It Follows (2015)

The much buzzed about indie festival hit, “It Follows,” relies on themes of fear and dread instead of cheap jump scares to create an experience that just might follow you home.

“Like one that on a lonesome road, doth walk in fear and dread, and having once turned round walks on, and turns no more his head. Because he knows a fearful fiend doth close behind him tread.”

Samuel Taylor Coleridge, “The Rime of the Ancient Mariner”

It Follows” is operating on a completely different level than the standard Hollywood multiplex scare film. While a simple explanation of the plot might remind anyone of the “Final Destination” or “The Ring” series, the reality is something much weirder, more ambiguous and much more uncomfortable.

It’s a film where the teenage characters look, act and respond like real 18 year olds, not a group of 20something actors from central casting dressed up like teenagers. These are real kids that live in real neighborhoods like the ones most of us grew up in, not kids from Beverly Hills or upscale gated communities like the ones you often see in movies like “Scream.”

The kids in the movie seem so uncharacteristically authentic that a really uncomfortable (maybe parental) feeling overcame me when the film quickly dove head first into the themes of sex and loss of innocence. Sort of like a teenage version of “The Peanuts,” the film is nearly devoid of adults, whose faces are almost always off screen and are never really fully in the frame.

The main character, Jay, played by Maika Monroe, who is following up another horror star turn in “The Guest” (2014), lives in a typical Midwestern suburb with her sister and mother. On a date with her new 21 year old boyfriend, she ends up having sex in the back of his car before he drugs her, ties her up and proceeds to explain to her that he has passed along a sexually transmitted curse. From this day forward, a supernatural entity will stalk and follow her, ultimately killing her if it reaches her, unless she in turn transmits the curse to someone else.

It’s slow, but it’s not stupid,” he warns her. Only the infected can see the monster, who can transform itself to look like anyone and it will never stop until it kills every infected person down the line. It’s all about paranoia and dread, as the monster walks at a slow and steady pace but never stops. You can drive for hours to escape it, but it will eventually reach you. You can never truly rest.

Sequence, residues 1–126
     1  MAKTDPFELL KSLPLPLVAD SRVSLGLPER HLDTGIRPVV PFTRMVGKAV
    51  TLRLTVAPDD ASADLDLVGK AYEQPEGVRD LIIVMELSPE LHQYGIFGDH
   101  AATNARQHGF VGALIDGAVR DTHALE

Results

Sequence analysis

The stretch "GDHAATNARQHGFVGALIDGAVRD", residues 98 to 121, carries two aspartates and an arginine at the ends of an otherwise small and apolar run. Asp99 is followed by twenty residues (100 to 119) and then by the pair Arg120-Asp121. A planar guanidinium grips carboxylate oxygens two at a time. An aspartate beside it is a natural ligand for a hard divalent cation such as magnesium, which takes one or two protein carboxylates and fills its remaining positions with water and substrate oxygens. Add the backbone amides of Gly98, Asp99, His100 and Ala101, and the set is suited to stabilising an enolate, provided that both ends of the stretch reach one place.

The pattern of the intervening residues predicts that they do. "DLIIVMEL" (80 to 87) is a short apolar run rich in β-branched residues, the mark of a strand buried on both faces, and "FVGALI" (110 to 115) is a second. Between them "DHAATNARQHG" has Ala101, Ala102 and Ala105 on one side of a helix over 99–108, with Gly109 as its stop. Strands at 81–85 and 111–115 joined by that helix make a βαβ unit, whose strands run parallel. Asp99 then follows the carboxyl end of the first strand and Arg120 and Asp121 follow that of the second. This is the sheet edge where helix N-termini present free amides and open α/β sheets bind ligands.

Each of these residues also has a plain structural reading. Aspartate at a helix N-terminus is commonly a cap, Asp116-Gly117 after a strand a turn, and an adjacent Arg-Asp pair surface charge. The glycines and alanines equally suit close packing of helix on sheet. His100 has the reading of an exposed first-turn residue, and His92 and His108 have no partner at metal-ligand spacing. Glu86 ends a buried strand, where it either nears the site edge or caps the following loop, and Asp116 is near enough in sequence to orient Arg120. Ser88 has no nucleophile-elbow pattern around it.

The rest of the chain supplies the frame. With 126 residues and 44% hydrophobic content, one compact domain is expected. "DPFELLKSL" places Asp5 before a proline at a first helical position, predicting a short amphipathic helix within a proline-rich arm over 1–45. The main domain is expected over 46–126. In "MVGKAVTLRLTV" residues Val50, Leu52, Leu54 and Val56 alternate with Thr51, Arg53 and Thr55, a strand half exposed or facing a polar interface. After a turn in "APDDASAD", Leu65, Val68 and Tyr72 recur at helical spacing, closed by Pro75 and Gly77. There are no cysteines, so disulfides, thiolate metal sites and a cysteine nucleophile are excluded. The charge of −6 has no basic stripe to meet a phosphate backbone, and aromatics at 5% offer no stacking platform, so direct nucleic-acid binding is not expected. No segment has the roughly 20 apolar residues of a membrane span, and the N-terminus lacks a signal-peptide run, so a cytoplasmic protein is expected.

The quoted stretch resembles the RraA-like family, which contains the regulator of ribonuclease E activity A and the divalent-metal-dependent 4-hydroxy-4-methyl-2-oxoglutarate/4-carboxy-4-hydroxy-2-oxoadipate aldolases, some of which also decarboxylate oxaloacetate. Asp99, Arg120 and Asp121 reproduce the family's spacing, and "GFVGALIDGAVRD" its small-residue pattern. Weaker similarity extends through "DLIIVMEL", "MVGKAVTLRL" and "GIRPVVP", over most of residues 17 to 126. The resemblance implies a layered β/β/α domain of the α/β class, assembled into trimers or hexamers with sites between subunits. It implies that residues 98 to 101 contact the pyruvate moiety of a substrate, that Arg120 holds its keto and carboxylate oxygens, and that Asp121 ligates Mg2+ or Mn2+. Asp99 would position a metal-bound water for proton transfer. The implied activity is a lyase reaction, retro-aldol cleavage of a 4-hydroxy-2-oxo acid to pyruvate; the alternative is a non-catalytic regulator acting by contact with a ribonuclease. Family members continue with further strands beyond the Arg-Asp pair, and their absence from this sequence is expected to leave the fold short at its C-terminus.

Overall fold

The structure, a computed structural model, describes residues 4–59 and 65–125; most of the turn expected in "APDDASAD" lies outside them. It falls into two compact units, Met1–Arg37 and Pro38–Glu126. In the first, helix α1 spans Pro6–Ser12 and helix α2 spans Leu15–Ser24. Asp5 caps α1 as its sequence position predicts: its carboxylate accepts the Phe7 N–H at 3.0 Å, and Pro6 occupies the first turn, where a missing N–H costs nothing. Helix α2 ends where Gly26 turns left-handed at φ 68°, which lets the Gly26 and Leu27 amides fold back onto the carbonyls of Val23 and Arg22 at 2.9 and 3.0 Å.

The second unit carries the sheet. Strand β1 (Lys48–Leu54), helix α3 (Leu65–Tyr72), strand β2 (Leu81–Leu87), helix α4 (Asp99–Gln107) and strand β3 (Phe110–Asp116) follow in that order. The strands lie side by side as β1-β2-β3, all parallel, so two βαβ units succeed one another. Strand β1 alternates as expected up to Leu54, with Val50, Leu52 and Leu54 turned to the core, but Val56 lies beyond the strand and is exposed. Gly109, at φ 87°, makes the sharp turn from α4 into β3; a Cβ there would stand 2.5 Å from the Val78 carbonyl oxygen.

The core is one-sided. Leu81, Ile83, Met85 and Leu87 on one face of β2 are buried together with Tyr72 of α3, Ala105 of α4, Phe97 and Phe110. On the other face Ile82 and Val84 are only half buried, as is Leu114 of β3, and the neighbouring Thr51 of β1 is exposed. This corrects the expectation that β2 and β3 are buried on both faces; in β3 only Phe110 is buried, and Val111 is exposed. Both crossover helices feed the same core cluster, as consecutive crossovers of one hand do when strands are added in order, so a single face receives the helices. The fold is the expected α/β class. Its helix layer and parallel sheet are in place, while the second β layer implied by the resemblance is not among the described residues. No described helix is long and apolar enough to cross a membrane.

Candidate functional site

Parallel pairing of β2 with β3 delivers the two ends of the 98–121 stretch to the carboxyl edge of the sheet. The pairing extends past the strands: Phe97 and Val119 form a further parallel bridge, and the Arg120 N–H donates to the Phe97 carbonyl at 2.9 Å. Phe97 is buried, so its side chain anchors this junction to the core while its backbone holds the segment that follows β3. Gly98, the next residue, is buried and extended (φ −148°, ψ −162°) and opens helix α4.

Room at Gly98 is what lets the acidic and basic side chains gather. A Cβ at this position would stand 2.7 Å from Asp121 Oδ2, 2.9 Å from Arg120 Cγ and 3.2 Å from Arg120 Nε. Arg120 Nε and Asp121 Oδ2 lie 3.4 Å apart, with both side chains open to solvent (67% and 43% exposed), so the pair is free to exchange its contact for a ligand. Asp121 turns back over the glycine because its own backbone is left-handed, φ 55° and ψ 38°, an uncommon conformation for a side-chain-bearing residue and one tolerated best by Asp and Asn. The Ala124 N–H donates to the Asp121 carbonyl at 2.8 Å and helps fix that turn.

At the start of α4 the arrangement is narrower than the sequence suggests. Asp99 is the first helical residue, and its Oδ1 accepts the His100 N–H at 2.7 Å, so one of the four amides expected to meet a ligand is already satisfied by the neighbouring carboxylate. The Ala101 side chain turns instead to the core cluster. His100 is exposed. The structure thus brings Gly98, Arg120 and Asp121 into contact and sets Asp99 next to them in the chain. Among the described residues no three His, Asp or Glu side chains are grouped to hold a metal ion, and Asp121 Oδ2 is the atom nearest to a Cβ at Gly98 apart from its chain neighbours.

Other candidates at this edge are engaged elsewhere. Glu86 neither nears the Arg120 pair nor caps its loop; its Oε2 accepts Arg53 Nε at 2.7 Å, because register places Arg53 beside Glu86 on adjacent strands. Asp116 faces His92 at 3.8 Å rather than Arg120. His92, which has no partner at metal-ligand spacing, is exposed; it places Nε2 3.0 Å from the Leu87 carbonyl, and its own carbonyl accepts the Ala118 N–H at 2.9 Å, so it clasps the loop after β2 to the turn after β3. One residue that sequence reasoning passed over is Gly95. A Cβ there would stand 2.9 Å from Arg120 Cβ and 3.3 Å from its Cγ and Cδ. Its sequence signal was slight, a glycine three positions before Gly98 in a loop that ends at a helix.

As simple as the concept sounds, “It Follows” isn’t an easy egg to crack. The world the characters live in is evocative of some sort of dream world in that it’s impossible tell when it’s supposed to be taking place. Everyone has little TVs with rabbit ears and much of the furniture and clothing styles seem to be from the 1970’s, but the cars they drive seem to be mostly from the 1950’s and at least one character seems to be carrying a modern type of Kindle shaped like a seashell birth control compact case (not a coincidence, I’m guessing!).

The first time Jay sees the monster, it appears as an elderly woman in a nightgown that only she can see walking towards her in high school. Next it arrives at her house, forcing her to flee to the neighborhood park where she sits on the swing waiting for its return. The playground and the swings clearly represent a place where Jay tries to escape both the monster the inevitable frightening world of adulthood that she has already crossed into and can never return.

The director really turns the screws of dread and suspense as the film moves, like its titular monster, slowly and inevitably towards its climax. The resolution is somewhat ambiguous and open to interpretation. This certainly won’t please the segment of the popcorn munching crowd that’s wants a direct answer to “What’s it all about?” and “What’s it all mean?” but it will leave you thinking about those answers long after the credits have rolled.

You may not be able quickly shake the feeling of dread the movie generates. It nags at you. Haunts you. It follows you home.

The Phantom of The Ville

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